Prisim or Slide Guides
A slide guide consist of a guide attached to the inside of the profile and a slide bushing attached to the carriage. The guide can be made of different materials (e.g. polished hardened steel, anodized aluminum) while the bushing is made of a polymer material. There are two types of bushings, fixed and prism. Prism bushings can move in relation to the guide which results in longer life and higher load capabilities. Slide bushings are silent, simple, reliable and robust and can be used in dirty and dusty environments. They are also resistant to shock loads, have a long life expectancy and require little or no maintenance.
A wheel guide consists of ball bearing wheels that run on a hardened steel rail. Wheel guides are a simple and robust guiding method offering high speeds, high loads and medium accuracy.
Non Guided Linear Motion Systems
A non guided linear motion system has a drive shaft and a ball screw but no guides. In reality a non guided linear motion system is a enclosed ball screw assembly with a carriage that has the same look and outer dimensions as the driven version. Using a non guided unit requires some kind of external guide to which the carriage can be attached.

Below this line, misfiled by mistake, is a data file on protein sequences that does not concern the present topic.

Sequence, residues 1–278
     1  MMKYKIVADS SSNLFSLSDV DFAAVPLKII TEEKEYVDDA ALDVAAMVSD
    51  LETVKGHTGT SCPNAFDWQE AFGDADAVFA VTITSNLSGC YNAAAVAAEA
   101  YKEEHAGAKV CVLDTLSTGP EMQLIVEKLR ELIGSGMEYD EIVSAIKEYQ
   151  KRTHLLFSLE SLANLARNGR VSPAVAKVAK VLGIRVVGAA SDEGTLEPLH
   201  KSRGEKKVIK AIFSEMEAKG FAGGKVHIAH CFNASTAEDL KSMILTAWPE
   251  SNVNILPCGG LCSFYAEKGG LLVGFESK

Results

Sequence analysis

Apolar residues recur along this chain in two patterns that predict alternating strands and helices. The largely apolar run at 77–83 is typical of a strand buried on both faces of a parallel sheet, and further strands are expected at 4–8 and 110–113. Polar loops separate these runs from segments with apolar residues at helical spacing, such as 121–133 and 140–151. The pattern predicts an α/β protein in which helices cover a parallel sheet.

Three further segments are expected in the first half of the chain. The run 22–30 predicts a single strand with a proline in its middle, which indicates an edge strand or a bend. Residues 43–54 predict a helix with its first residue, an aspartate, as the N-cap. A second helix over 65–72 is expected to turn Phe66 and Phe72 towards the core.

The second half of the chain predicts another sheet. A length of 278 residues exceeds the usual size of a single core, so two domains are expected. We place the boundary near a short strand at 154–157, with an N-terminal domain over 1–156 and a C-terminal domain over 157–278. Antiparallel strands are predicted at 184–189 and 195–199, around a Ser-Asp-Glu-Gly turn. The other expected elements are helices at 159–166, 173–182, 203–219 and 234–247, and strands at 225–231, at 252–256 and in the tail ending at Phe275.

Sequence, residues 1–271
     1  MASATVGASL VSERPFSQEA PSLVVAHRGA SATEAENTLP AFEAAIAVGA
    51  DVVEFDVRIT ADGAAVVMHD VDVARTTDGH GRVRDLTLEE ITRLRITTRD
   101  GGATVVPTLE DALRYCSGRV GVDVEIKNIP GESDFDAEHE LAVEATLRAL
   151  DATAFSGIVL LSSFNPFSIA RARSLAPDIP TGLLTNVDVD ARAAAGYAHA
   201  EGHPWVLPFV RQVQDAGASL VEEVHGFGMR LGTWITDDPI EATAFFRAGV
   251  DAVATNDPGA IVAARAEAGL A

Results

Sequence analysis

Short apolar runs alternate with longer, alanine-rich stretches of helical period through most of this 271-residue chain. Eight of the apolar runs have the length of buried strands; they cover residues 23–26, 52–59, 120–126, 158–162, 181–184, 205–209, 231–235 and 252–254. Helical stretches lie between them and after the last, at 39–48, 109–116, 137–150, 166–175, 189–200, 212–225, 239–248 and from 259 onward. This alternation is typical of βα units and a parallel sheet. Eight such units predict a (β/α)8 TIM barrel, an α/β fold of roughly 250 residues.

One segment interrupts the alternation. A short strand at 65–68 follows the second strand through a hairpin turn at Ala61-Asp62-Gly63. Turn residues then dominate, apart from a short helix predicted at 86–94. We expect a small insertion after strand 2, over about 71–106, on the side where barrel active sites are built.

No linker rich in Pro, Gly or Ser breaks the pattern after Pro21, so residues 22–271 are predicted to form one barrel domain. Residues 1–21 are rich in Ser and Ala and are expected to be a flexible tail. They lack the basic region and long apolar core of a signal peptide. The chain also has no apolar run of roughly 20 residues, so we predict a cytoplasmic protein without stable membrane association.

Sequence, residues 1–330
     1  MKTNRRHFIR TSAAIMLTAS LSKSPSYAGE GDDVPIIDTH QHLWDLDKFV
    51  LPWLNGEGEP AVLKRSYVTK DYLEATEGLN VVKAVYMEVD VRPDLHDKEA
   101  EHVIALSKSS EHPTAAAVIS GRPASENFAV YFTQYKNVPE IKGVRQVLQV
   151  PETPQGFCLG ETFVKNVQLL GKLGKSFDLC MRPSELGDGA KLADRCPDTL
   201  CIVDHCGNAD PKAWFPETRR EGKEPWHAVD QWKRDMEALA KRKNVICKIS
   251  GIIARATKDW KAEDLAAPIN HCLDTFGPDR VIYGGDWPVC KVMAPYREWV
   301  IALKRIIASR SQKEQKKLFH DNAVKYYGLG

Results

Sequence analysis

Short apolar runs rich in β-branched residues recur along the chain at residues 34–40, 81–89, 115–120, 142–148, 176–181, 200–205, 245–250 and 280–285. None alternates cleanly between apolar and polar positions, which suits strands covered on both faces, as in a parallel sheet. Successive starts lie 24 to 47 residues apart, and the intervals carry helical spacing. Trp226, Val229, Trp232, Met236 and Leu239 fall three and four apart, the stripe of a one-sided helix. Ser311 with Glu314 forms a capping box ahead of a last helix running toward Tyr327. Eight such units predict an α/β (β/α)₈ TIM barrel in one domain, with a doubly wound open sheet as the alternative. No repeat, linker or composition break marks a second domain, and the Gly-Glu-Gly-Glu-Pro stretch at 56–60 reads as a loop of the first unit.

Repeatability is the ability for a positioning system to return to a location. Some of the factors that affect the repatability are the angular repeatability of the motor, drive and motion control system, system friction and changes in load, speed and deceleration.
In ball screw driven units there are several nut styles used.
Non Preloaded – The nut has back lash.
Double nut preload – The system uses two ball nuts to obtain a zero lash preloaded assembly.
Preloaded – The system uses a single preloaded nut that has zero lash.
Double Ball Nuts